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If you follow these steps through, you will be well on your way with uClinux. You will have

  • installed the complete tool chain
  • created a system from source
  • tested it
  • added a custom I/O port
  • added a custom executable to the boot image
  • successfully interfaced to the outside world

The system genreated will have approximately these attributes

  • 100MHz CPU, no floating point, no hardware divide, no MMU
  • 32MB RAM, with about 29MB free
  • The console running over the JTAG cable
  • No persistent storage
  • A little under 20% of the FPGA resources dedicated to the processor, leaving 80% for your own logic.


The use-case for a DE0-nano + uClinux

Let me start by saying that running Linux on your DE0-nano doesn't make much sense - but don't let that stop you.

Why does it not make sense?

  • You will need to license a full NIOS II processor core to allow it to run untethered.
  • You will need to configure the device every time power is applied or develop a boot loader to load the boot from the EPCS flash
  • The development environment is very heavy
  • The big benefit is networking, and the DE0 doesn't have any Ethernet connectivity out of the box.
  • Writing Linux device drivers is a big undertaking (but you don't really need to).
  • Without a MMU to keep things in check bugs cause the system to fall to bits really quick.
  • Offchip SDRAM is a lot slower than using embedded RAM blocks
  • If you what o use Linux as you are super-committed to open source, using the closed-source FPGA tools might be not to your liking.

When does it make sense?

  • If your device needs a good reliable TCP/IP stack
  • If you need a multitasking OS
  • If you want to use this as a development platform for custom hardware
  • If your development team are Linux bigots, or want to develop a complex applications on PCs before moving to the FPGA platform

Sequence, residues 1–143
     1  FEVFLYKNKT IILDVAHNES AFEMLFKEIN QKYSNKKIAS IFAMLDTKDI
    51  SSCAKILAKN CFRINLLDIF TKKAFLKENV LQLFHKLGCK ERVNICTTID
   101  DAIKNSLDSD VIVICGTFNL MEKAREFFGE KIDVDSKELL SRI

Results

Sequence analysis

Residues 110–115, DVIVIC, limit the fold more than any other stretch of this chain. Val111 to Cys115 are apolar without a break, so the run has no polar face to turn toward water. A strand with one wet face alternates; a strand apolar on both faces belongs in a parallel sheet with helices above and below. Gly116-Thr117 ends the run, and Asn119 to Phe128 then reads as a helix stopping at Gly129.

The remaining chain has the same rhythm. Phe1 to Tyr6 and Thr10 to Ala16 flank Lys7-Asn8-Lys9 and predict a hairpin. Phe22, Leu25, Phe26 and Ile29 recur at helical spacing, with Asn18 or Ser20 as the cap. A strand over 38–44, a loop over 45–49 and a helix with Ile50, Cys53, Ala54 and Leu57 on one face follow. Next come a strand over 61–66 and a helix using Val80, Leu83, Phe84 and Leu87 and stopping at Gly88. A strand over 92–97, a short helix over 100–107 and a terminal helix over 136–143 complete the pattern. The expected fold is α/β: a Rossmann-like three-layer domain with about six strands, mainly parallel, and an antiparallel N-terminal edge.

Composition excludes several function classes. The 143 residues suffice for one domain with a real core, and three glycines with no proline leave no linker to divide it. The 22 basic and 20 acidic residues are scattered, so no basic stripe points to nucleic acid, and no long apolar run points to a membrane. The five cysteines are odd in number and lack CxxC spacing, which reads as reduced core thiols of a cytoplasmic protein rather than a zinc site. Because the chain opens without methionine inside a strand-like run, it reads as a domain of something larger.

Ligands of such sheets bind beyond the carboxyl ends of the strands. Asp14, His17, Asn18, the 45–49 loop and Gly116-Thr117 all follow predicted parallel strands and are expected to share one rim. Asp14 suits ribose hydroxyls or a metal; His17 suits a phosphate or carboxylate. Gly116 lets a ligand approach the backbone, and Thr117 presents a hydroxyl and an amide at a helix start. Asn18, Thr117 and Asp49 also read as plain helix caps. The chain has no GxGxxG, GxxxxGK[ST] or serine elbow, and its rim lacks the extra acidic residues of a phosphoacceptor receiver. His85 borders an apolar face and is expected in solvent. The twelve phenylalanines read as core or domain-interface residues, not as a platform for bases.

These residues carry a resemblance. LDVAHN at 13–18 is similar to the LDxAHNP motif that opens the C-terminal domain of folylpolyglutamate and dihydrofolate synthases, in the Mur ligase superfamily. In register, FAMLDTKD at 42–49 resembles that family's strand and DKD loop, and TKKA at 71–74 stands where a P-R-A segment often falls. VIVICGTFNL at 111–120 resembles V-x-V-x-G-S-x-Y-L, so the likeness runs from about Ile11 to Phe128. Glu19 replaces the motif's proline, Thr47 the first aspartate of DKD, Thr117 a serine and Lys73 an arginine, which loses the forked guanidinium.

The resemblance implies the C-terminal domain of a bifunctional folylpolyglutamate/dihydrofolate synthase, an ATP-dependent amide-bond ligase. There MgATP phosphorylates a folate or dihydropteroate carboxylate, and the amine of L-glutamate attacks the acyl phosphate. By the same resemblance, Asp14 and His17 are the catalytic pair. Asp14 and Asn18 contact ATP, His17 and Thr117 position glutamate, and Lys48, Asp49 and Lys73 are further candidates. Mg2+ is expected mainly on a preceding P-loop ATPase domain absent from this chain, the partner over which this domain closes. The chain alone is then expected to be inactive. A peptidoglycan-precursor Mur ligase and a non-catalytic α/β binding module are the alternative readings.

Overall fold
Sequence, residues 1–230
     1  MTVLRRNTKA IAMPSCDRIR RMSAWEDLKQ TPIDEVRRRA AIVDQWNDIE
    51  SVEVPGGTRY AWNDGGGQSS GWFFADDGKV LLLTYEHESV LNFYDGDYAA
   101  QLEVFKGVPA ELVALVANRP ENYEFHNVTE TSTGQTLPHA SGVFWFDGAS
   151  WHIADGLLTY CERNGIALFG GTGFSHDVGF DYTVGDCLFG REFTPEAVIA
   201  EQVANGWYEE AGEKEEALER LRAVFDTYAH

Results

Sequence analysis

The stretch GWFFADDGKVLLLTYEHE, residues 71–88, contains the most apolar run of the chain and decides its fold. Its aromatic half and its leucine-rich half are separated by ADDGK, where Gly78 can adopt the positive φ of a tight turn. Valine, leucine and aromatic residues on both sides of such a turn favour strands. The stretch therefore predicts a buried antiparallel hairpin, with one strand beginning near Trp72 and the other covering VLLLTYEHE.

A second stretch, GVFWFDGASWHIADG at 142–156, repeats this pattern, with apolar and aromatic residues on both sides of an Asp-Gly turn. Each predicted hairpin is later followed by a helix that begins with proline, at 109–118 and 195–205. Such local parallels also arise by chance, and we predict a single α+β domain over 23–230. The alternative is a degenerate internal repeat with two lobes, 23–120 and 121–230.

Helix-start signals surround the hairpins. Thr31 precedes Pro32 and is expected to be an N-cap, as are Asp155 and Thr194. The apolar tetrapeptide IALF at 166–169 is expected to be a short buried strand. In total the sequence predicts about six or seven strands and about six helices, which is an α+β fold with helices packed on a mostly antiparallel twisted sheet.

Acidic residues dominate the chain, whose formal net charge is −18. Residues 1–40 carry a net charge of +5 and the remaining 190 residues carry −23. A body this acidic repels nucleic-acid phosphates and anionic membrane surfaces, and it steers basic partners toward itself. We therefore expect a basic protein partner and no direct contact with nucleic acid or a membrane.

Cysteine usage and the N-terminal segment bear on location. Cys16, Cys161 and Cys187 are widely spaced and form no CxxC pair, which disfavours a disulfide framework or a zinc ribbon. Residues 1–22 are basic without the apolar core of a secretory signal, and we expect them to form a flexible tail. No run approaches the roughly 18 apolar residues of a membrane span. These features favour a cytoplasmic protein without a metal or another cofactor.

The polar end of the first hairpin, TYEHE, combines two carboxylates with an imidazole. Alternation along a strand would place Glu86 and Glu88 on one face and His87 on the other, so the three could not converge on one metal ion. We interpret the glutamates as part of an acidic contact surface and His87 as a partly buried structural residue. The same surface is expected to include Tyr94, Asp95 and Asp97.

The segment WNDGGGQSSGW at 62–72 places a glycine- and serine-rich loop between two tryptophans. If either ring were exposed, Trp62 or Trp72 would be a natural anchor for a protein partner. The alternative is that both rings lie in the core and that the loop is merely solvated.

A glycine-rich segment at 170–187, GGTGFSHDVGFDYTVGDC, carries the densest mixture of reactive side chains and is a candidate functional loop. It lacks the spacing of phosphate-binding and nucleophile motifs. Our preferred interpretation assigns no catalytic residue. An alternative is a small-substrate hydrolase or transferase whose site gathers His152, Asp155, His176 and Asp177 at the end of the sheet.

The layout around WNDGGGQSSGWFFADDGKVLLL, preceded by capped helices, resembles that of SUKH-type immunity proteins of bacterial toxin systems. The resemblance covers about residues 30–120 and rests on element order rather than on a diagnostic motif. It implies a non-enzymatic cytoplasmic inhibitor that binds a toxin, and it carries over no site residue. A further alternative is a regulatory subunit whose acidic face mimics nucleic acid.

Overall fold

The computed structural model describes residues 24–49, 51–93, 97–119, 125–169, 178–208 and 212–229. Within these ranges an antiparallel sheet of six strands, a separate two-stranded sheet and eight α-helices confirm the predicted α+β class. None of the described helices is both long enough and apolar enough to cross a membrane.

• If you are trying to remain platform agnostic - today NIOS II, tomorrow ARM or PowerPC. For example, proof of concepts or if the hardware platform doesn't yet exist
  • In a R&D or lab environment, where time and ease of implementation is more important than creating a marketable product

What is the alternative?

If you are committed to the Altera/NIOS II platform then the better option is using the standard Altera "Eclipse for NIOS II" environment.

  • You can use on-chip memory for your code, which is configured on startup - no boot loader required
  • You can still use the SDRAM for data
  • It is fully integrate into the IDE workflow
  • It is very compact, with only the features you need.
  • Provides enough hardware abstraction, but not too much.

With that said, running uClinux on a DE0-nano isn't too hard, especially with a bit of guidance.

Building the base uClinux environment

See UClinux/Building for the Terasic DE0-nano on Fedora 14

Creating custom hardware on NIOS2 based systems

See uClinux/Expanding your DE0-NIOS2 system for how to add a simple parallel output port to the base system. This example drives LEDs on the DE0-nano, which isn't configured in the 'simple' hardware build.

Hacking a custom program into the distribution

See uClinux/Hacking a app for a program to drive the LEDs added above.

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